{
      for (int j=0;j<width;j++)
      {
         temp[(i*width)+j]=0;
      }
    }
    Code:
    int width=100;
    int height=100;
    int totalsize=width*height;
    
    
    DWORD *temp=new DWORD[totalsize]
    
    for (int i=0;i<totalsize;i++)
    {
      temp[i]=0;
    }
    They do the same thing except the first example requires (100*100) multiplies while the second one requires 0.

    The second portion is essentially the same as:

    Code:
    int width=100;
    int height=100;
    int totalsize=width*height;
    
    DWORD *temp=new DWORD[totalsize]
    
    asm {
      mov  edi,[temp]
      mov  ecx,totalsize
      mov eax,000000000h
      rep  stosd
    }
    Last edited by VirtualAce; 03-30-2005 at 07:10 AM.

  10. #10
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    but i still dont see why you should declare it as a 1d array then access it in 2d, other than speed, dont you think it would be a little confusing in a matrix driven program?

  11. #11
    Super Moderator VirtualAce's Avatar
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    but i still dont see why you should declare it as a 1d array then access it in 2d,
    ....other than speed,

  12. #12
    Carnivore ('-'v) Hunter2's Avatar
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    >>whats the difference in declaring a plain integer in 2d like:
    Depending on what you're doing, the 2d int array may even be faster than the vector of vectors. With the vector of vectors though, you can resize it as you like whenever you want, and you can also decide what values to put in each element.

    >>Read my post. Which is faster?
    I think he was referring to my vector post.

    >>i still dont see why you should declare it as a 1d array then access it in 2d, other than speed
    Depending on what you're doing, speed may mean everything. In Bubba's case, it does. In your case, it probably doesn't. The difference in confusing-ness would probably be quite small though, if you wrapped it in a class or something with a [] operator, although if you used it wrong you'd probably lose any performance gain you'd just made.

    >>while the second one requires 0.
    Implicitly, unless the compiler optimizes it away, doesn't it require a multiplication for each random access anyway? More likely would be to use a pointer and walk through with that instead of using an index.
    Just Google It. √

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  13. #13
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    is there a way to fill a 2d array?

    Code:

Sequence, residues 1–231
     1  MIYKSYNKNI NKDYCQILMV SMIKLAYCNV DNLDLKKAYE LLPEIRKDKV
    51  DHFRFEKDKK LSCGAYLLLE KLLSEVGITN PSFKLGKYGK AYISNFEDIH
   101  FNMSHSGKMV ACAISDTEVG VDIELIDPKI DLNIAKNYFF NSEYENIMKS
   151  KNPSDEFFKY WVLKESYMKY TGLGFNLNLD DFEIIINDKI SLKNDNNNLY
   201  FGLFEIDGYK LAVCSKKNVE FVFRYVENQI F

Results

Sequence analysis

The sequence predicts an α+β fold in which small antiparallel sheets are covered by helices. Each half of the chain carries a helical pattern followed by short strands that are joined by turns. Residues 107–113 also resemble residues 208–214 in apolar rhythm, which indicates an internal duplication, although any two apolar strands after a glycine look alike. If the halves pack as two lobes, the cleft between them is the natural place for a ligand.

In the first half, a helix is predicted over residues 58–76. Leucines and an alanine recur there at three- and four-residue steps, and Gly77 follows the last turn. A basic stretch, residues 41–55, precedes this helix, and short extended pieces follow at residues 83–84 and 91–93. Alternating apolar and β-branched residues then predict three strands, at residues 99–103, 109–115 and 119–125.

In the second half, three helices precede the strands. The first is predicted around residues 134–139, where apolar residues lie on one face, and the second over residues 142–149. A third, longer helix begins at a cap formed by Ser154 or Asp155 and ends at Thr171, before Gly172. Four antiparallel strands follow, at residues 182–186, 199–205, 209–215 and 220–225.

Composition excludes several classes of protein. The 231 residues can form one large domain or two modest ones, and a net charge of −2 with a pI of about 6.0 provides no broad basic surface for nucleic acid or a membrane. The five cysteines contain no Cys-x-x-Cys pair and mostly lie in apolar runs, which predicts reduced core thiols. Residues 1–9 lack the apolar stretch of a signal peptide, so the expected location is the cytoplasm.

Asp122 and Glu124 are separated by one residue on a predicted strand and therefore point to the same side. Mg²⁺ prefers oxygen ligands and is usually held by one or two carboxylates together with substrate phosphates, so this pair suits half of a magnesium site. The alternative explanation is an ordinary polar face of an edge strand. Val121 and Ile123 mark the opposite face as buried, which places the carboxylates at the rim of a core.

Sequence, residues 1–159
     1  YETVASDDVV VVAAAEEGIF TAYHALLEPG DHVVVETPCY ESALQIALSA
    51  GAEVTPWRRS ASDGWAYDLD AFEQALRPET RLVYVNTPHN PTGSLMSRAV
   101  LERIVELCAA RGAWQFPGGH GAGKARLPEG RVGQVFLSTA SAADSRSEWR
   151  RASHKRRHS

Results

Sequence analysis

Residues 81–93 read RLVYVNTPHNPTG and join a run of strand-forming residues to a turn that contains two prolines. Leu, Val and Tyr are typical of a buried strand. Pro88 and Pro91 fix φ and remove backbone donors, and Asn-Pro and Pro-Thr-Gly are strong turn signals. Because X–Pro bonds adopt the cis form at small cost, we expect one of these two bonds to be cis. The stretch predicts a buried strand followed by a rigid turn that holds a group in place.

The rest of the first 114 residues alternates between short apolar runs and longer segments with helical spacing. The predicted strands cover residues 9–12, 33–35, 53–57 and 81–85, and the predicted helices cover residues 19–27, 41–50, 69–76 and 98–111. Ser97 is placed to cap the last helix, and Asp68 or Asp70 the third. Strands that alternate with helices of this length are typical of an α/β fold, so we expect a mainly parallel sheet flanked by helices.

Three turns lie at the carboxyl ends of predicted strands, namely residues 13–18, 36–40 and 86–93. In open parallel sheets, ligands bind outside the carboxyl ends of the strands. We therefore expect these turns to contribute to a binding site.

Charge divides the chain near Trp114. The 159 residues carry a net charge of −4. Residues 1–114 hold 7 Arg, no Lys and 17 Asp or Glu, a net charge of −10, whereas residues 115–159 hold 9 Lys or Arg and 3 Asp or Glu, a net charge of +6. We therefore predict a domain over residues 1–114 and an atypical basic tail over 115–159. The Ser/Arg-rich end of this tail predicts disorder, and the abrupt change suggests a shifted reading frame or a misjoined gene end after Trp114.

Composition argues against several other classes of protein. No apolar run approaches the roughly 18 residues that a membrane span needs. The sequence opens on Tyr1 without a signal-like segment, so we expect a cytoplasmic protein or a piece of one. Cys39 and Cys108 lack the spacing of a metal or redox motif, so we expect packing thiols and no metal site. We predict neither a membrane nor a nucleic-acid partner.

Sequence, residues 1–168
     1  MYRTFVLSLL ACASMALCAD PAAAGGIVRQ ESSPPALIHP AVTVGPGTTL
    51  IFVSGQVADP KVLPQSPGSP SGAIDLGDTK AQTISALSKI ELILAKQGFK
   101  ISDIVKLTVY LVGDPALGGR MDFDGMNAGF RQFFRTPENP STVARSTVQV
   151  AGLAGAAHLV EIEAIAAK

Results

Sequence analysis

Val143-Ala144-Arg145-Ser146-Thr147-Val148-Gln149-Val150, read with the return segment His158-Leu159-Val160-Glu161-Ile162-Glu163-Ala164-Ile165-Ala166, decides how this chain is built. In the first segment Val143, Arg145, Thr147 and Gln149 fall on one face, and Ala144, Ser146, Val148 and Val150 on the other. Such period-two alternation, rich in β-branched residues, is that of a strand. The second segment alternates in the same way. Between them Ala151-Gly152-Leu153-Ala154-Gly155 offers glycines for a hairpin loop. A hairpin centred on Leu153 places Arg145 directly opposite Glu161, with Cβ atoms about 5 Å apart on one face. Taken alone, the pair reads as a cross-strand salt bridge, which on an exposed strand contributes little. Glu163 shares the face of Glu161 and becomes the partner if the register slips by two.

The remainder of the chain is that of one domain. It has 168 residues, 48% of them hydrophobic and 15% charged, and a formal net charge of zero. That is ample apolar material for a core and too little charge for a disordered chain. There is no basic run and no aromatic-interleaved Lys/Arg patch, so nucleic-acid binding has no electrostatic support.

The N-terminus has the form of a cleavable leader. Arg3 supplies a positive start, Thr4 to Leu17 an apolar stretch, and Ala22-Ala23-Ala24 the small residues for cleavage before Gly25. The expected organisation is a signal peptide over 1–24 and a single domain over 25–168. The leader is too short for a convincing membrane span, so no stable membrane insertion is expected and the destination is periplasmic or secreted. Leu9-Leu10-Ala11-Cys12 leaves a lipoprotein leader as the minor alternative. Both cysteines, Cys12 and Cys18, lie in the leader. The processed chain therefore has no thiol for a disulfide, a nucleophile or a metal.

#include <iostream>
    using namespace std;
    
    const int MAX = 20,
              FILL = 0;
              
    void fill (char [ MAX ][ MAX ]);
    void print (const char [ MAX ][ MAX ]);
    
    main()
    {
       char table[ MAX ][ MAX ];
       
       fill (table);
       print (table);
       return 0;
    }
    
    void fill (char table[ MAX ][ MAX ])
    {
       for (int row = FILL; row < MAX; row++)
          for (int col = FILL; col < MAX; col++)
             table[ row ][ col ] = '-';
    }
              
    void print (const char table[ MAX ][ MAX ])
    {
       for (int row = FILL; row < MAX; row++)
       {   
          for (int col = FILL; col < MAX; col++)
             cout<< table[ row ][ col ];
          cout<< endl;
       }
    }
    would this be the best way to fill it? or is there some easier syntax, also is this the best way to use arrays because they wont be resized or anything.

  14. #14
    Carnivore ('-'v) Hunter2's Avatar
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    >>int row = FILL
    If I were you, I'd leave it as row = 0, since FILL isn't a particularly good name for "beginning of the array".

    >>is there some easier syntax
    That's the most conventional and straightforward syntax. You could also try this, although it's kind of a dodgy business that relies on how arrays are stored in memory (don't do this unless you really know exactly what you're doing). I'm not even 100% sure it's within standard behaviour, although it seems to work OK:
    Code:
    char* begin = &(table[0][0]);  //Get a pointer to the first element
    char* end = &(table[MAX - 1][MAX - 1]) + 1;  //Get a pointer to 1 past the last element
    
    for(char* element = begin; element != end; ++element)  //Loop through all elements.
       *element = '-';
    >>is this the best way to use arrays because they wont be resized or anything.
    I would caution you not to use the word 'best' around here, but it's certainly not a bad way. If it fits your needs nicely (which it seems it probably will), then go ahead and use it; you'll learn with experience what works well and what doesn't, so I advise you to use your best judgment for the time being and then just improve on your future code as you learn new and better tricks.
    Just Google It. √